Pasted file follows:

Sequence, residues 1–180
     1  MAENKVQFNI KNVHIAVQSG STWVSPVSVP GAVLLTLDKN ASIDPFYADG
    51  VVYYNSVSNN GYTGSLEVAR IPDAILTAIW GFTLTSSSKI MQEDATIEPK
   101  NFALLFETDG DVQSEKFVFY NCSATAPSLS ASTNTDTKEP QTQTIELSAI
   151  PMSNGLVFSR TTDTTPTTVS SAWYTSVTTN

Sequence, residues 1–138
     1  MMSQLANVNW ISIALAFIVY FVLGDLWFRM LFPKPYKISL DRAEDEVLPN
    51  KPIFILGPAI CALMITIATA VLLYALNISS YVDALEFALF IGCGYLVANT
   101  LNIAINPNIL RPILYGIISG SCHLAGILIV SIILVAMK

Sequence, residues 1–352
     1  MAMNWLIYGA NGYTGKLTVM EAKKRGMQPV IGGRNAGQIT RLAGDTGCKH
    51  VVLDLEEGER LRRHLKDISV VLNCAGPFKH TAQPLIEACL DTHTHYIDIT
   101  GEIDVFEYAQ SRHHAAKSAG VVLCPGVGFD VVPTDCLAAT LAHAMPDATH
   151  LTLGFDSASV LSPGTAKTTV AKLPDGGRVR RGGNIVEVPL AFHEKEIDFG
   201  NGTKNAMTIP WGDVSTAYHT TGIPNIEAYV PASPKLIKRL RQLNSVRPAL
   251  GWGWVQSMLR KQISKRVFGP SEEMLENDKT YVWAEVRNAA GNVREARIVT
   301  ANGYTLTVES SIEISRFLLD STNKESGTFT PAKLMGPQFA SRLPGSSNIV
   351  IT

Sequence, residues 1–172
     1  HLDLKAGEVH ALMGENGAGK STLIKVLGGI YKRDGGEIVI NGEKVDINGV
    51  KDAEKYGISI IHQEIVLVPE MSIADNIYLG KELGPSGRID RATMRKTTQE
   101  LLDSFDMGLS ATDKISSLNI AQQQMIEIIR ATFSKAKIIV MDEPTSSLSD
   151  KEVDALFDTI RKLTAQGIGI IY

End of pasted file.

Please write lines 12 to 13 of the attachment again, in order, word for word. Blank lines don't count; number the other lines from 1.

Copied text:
    51  VVLDLEEGER LRRHLKDISV VLNCAGPFKH TAQPLIEACL DTHTHYIDIT
   101  GEIDVFEYAQ SRHHAAKSAG VVLCPGVGFD VVPTDCLAAT LAHAMPDATH